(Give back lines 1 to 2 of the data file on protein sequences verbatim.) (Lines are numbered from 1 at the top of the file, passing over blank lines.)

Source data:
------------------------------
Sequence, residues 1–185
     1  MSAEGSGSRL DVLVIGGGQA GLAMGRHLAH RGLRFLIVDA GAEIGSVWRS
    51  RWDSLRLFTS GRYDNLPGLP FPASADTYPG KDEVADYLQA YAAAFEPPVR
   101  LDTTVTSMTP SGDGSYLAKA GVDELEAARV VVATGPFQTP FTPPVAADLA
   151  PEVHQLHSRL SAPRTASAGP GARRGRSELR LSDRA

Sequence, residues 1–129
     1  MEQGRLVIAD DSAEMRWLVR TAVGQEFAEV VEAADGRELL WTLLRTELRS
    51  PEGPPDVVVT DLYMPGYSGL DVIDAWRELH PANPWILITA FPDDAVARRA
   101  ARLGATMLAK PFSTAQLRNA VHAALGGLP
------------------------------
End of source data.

Sequence, residues 1–185
     1  MSAEGSGSRL DVLVIGGGQA GLAMGRHLAH RGLRFLIVDA GAEIGSVWRS